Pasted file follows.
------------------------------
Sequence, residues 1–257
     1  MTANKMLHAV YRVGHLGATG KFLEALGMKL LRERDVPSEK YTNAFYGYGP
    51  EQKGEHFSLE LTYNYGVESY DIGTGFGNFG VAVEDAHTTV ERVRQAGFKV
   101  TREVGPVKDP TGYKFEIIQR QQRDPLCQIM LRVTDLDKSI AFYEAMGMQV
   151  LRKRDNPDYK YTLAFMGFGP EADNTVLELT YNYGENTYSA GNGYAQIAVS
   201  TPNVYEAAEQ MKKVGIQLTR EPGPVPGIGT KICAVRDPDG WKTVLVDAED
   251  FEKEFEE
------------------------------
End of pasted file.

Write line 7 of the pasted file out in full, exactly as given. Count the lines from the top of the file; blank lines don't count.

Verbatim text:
   251  FEKEFEE